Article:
Weekly educational surprise: question survivor

It was my goal to have an educational surprise every week for the last three weeks of the term.

This week, ‘question survivor’. I made a table of all 20 potential test questions then ranked them in terms of educational quality.

Surprise. I have narrowed it down to 10 potential test questions.

A case of neutrality. Carbon neutrality is a powerful heuristic in encouraging more balanced global practices (as mentioned in CH19). Expain carbon neutrality (2 points). It can also be scaled to the individual. Take two ecological footprint quizzes online (try http://ecologicalfootprint.com and http://www.earthday.org/take-action/footprint-calculator/ and http://calculator.bioregional.com). Record and report your total number of planets needed and also your tonnes of carbon in our answer here (2 points). Given that your carbon footprint is likely not zero, what could you change that would at least reduce your footprint. List two solutions. For each one, clearly link each solution to how it would improve the ecology of your region (diversity, an ecosystem function, extent of invasion, resilience, etc.) (6 points, 3 for each solution). Remember, provide your human solutions but that you are an ecologist and want to explain how the ecology of where you live will also be less impacted.
A case of too much good information. You are an ecologist and study interactions in natural systems. However, you also live on the planet and recognize that people are a big part of global change, and that it is at best hard for people to want to change unless they understand ecology and have their basic needs met too.   The Millenium Ecosystem Assessment was a profound contribution to efforts to link ecology to human well-being based on scientific evidence. If you download just the synthesis report (http://www.millenniumassessment.org/documents/document.356.aspx.pdf), and read through some sections of it, you will absolutely appreciate how throughtful and well done it was. Even just look at the figures in this report. We could spend an entire term just with this document. Select two major ecological findings ane explain each. TIP: For each major finding, cite the page number from the report and the figure number for the markers (4 points). Then, given what you now know as an ecologist, provide a set of solutions for each that will address the issues detected (6 points, 3 for each solution).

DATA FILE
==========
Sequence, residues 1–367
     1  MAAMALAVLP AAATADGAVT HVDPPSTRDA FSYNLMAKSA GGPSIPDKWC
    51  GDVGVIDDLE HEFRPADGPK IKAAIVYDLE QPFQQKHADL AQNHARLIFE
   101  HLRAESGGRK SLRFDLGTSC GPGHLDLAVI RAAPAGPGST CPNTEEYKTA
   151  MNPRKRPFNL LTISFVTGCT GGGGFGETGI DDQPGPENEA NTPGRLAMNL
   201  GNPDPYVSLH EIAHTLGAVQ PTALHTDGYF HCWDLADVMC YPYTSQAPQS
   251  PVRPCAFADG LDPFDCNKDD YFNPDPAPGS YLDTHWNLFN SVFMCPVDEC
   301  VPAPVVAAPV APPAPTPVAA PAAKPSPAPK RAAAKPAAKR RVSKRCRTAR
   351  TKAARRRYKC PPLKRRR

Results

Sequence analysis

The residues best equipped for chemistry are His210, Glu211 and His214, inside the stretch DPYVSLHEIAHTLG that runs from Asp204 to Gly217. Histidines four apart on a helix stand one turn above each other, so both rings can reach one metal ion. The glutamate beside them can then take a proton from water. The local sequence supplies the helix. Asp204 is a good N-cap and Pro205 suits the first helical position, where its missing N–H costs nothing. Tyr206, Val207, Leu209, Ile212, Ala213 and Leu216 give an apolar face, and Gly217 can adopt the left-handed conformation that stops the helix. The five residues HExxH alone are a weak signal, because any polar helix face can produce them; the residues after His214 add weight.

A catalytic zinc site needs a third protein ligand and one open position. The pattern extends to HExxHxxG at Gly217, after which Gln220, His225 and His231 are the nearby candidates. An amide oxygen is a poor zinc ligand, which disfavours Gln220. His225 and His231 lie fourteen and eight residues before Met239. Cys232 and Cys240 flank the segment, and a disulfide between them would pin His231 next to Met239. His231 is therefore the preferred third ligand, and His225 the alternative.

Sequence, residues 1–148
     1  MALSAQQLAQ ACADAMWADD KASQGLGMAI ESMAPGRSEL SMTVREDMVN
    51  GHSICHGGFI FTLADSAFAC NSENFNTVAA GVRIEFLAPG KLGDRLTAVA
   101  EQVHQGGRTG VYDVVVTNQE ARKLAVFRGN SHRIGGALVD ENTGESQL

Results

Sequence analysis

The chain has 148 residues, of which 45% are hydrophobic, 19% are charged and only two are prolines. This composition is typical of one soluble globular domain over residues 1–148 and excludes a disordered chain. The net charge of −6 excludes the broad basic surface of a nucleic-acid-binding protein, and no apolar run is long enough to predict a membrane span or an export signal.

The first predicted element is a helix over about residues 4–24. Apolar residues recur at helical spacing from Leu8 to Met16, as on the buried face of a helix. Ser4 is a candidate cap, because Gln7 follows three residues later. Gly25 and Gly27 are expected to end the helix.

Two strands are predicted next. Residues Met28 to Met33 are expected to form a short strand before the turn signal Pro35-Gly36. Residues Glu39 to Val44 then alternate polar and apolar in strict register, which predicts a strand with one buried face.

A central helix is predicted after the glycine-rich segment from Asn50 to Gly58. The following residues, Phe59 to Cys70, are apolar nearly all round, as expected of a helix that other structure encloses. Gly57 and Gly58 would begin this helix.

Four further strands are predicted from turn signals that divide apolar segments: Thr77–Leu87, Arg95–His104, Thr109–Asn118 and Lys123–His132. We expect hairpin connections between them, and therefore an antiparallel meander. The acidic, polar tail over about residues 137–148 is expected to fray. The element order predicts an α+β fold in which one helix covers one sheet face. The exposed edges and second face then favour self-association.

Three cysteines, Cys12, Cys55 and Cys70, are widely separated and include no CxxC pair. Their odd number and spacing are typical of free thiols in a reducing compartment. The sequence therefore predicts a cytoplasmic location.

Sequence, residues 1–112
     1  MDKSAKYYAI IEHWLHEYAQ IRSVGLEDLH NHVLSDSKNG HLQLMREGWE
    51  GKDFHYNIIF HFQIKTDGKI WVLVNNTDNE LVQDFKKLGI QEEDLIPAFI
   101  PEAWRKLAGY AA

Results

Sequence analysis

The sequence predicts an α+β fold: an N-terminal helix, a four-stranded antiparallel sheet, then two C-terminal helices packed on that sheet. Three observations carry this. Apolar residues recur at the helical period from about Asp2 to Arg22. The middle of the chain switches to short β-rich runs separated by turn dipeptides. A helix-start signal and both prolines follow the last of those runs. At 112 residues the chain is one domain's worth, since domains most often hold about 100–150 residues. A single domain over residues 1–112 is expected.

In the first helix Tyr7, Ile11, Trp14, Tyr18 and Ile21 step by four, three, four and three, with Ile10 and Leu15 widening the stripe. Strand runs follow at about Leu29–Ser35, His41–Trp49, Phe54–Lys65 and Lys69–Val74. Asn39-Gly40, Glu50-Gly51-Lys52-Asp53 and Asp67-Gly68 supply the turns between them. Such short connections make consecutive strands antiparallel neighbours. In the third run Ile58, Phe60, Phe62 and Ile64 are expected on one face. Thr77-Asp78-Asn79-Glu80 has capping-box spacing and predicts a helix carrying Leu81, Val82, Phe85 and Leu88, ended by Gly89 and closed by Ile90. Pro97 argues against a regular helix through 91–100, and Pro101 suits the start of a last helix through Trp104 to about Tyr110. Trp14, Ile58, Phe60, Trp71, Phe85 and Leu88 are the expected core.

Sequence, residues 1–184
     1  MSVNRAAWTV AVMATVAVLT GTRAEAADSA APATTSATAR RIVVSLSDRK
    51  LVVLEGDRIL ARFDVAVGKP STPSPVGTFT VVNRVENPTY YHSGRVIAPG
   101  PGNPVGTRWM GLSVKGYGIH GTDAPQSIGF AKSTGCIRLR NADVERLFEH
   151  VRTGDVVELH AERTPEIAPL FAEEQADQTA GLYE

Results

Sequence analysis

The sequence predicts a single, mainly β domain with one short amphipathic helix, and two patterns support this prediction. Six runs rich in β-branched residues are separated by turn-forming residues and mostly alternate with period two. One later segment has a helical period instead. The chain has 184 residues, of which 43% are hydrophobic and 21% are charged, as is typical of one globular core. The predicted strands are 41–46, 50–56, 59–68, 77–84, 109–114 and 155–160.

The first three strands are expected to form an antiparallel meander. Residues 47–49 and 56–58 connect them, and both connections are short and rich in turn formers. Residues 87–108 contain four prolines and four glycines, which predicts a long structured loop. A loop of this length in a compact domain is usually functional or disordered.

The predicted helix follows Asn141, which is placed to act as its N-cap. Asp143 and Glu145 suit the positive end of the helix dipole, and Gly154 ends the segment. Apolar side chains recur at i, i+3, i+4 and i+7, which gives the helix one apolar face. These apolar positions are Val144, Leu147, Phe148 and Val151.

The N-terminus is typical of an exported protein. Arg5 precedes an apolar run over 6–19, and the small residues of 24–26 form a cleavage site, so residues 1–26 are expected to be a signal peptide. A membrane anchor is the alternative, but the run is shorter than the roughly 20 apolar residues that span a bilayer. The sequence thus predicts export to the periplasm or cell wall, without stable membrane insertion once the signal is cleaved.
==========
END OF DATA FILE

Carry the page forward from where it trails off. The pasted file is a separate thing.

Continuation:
A case study for ikea. If people read the instructions, many things would be much easier to understand, saves you time later, reduces error, and gets put together correctly, In discussing the species diversity chapter together (CH19), we invoked the concept of community assembly rules. These are a really appealing set of ideas because they could in theory help conservationist and restoration ecologists. Imagine we started a non-profit together entitled ‘ekea’ (the ecological equivalent of ikea and hope they do not sue us). Your first job for our not-for-profit company is to provide a set of simple instructions for community assembly of two important ecosystem types/regions within most urban centers globally: airports and universities. For each one, list the ecological assembly rules that are most important for maintaining positive BDEF in each system – i.e. what rules are most likely to provide you the most number of species (from lecture and CH19). Provide an ikea-style figure for your rules and ensure you use the ideas from CH19 and the associated paper by Srivastava. The two assembly figures can be sketched or drawn then scanned or photographed and put on a separate page.
A case of stability. Four hypotheses have been proposed to explain the relationship between diversity and function. Explain each. Each is not however equally likely to apply to every ecosystem or even within a region. Design an experiment that explicitly tests this hypothesis set (and contrasts them) that you could practically apply to a region like grasslands in Southern Ontario (areas of Downsview Park or YorkU campus for instance) to determine how species richness and ecological function might relate and how we should thus manage the species in the region that we live and study in. Tip: 4 points for an experiment that tests the relevant and 2 points for how the findings could be used.